Peter Hessler on Mortenson

For years, I’ve found it hard to talk about Mortenson’s books. They often come up in conversation, because I’m a former Peace Corps teacher who lived in Asia for more than a decade. And yet that experience made me wary of any simple narrative that involves an American helping people overseas. Like many volunteers, I often felt overwhelmed and ineffective; it took two years of diligent study just to gain a decent facility with the Chinese language. I was still making cultural mistakes up until the day I left. If anything, I felt most positive about the Peace Corps experience because my impact was limited—I left without building anything, or changing the culture, or revolutionizing classroom patterns in my school. I always viewed it as an exchange: there was some value to my teaching, and in the meantime I learned a great deal from my students, colleagues, and friends. It seemed a tiny part of an incremental, long-term process, as China engaged with the outside world. And the key element was that the Chinese remained in charge—it was up to them to improve their country.

The above sentiments are excerpted from the New Yorker’s Peter Hessler’s thoughtful piece “What Mortenson Got Wrong”.  My own Peace Corps experience in Sierra Leone has caused me to feel similarly and I also struggle with the way so many are inspired by charismatic outsiders when they choose to contribute.  (As a child I was very inspired by outsider Albert Schweitzer.) One of the many things I appreciated about my Peace Corps experience was being forced to do it for two years, not one or a few months. As Hessler points out it takes a long time to even begin to get a handle on a culture so different from one’s own.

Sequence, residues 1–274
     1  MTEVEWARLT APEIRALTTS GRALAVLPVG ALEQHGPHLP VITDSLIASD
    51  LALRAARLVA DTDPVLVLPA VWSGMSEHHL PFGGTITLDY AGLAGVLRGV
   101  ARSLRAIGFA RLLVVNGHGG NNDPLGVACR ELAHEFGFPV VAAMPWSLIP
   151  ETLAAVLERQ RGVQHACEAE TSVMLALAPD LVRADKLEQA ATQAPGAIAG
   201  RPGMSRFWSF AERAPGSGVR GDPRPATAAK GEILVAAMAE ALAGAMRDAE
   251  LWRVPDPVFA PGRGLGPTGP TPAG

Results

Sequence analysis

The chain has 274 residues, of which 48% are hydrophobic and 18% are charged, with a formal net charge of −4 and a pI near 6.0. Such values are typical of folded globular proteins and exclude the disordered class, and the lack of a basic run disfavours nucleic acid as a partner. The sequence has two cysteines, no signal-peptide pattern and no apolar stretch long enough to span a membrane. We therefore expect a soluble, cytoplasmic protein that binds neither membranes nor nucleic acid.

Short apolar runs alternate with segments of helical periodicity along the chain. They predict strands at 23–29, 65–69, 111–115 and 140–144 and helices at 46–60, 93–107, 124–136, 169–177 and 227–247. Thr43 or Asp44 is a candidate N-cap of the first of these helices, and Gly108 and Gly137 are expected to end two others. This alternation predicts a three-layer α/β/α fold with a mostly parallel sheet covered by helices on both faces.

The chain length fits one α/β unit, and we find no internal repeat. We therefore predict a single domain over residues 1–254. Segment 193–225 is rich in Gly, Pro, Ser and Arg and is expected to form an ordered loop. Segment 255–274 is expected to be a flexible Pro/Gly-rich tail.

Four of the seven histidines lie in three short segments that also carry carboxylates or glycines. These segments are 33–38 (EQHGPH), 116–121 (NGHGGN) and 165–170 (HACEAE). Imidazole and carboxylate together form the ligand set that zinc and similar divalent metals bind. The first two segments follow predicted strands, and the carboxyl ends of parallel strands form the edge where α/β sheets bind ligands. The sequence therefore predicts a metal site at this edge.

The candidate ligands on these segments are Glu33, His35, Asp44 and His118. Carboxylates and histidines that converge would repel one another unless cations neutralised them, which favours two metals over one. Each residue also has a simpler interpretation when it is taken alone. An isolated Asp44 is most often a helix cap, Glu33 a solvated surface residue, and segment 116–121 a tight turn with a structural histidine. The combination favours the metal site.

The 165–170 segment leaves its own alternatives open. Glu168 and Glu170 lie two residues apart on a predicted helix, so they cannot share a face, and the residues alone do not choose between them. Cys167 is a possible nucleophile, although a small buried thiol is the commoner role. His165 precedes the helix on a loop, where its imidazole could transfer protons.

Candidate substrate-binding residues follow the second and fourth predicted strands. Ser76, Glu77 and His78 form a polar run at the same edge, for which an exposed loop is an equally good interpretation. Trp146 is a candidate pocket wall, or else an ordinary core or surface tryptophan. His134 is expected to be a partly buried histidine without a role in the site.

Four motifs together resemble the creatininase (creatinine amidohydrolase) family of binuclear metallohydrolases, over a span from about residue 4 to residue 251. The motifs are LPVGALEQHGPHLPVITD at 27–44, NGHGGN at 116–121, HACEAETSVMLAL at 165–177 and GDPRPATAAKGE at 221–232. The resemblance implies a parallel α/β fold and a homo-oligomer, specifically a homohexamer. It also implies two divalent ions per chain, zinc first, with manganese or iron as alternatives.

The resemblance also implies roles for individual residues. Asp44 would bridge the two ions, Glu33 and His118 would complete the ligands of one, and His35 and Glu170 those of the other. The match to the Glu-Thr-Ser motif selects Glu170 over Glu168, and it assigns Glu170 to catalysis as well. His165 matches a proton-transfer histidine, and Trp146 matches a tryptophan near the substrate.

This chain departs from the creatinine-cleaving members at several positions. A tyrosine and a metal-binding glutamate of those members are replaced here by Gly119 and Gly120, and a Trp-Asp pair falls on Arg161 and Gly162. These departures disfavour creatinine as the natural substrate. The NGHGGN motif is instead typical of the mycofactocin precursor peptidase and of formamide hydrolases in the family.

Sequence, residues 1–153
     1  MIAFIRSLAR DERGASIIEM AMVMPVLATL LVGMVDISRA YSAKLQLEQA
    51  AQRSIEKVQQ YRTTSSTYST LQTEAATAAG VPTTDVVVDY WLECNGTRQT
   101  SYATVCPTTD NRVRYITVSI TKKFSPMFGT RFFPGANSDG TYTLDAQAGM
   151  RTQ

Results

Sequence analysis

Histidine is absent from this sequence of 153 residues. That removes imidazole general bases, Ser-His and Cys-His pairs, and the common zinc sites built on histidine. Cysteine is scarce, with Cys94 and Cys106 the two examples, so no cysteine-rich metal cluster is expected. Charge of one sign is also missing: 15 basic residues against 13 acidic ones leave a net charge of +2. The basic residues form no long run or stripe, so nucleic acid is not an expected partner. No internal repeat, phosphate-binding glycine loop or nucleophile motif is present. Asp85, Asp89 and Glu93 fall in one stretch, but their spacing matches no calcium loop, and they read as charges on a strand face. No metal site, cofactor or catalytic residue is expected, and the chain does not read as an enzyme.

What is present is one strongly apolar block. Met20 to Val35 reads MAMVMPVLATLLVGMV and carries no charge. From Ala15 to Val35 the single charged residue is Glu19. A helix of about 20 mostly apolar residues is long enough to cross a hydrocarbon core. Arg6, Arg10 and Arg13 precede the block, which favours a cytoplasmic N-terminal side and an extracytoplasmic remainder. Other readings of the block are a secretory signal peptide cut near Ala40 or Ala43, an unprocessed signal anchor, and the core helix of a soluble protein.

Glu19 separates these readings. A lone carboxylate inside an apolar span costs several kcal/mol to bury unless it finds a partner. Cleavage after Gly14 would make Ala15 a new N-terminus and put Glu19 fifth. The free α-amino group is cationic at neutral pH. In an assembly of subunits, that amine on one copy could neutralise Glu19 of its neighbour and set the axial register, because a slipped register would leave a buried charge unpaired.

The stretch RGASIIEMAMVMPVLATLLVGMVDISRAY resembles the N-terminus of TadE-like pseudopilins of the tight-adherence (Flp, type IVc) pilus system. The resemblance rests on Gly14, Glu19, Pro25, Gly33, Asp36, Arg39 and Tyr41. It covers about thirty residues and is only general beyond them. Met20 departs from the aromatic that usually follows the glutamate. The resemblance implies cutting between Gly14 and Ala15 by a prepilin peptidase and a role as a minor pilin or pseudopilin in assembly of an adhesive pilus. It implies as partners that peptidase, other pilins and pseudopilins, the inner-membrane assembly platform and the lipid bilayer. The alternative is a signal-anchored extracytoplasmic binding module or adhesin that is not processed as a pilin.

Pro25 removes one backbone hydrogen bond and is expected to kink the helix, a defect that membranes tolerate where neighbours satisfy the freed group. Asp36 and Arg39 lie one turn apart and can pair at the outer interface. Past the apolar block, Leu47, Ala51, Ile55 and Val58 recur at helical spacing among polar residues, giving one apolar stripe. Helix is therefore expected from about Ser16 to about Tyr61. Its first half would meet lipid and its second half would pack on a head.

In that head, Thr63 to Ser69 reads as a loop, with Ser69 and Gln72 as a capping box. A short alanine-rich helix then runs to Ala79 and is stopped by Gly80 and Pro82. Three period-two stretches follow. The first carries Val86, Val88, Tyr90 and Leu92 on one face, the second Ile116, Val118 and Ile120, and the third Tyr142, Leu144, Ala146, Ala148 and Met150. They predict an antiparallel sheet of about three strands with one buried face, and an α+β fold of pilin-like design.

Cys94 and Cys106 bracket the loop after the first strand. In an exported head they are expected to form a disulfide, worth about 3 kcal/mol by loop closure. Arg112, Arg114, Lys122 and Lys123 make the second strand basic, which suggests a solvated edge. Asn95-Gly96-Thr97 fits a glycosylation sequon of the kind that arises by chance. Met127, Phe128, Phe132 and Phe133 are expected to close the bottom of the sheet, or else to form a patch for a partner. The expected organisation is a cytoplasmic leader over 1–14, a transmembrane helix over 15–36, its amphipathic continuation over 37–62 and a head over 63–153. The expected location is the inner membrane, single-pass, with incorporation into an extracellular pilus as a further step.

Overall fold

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3 responses to “Peter Hessler on Mortenson

  1. I respond to such things from the vantage point of a person whose people are often used by hucksters out to make a buck.

    Donate a sum and provide a Native family with a turkey at Thanksgiving! Donate double that sum and help even more of them!

    Or the elderly Native woman in traditional attire, standing by her wood stove, with a leaky roof… Buy jewelry from that catalog and help her get a new stove!

    The pitch is effective. Lot of people are taken in by it all.

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  2. Mark Flowers

    Laura Miller, on Salon.com, had a ridiculous defense of Mortenson, in which she said the following:

    “”Three Cups of Tea” belongs to that category of inspirational nonfiction in which feel-good parables take precedence over strict truthfulness. Its object is to present a reassuring picture of the world as a place where all people are fundamentally the same underneath their cultural differences, where ordinary, well-meaning Americans can “make a difference” in the lives of poor Central Asians and fend off terrorism at the same time. Heartwarming anecdotes come with the territory and as with the happily-ever-after endings of romantic comedies, everyone tacitly agrees not to examine them too closely. “Three Cups of Tea” is a wonderful tool for eliciting donations for the very worthy cause of educating Afghan and Pakistani children, which is its purpose.”

    I thought, if this is a “defense,” what’s the attack? This seems like *exactly* the problem with Mortenson’s brand of humanitarianism.

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  3. Dawn

    As a mother of many young children who consume books like moths consume wool sweaters, I appreciate very much this blog. Thank you for your reviews. :)

    Just wanted to let you know.

    Like

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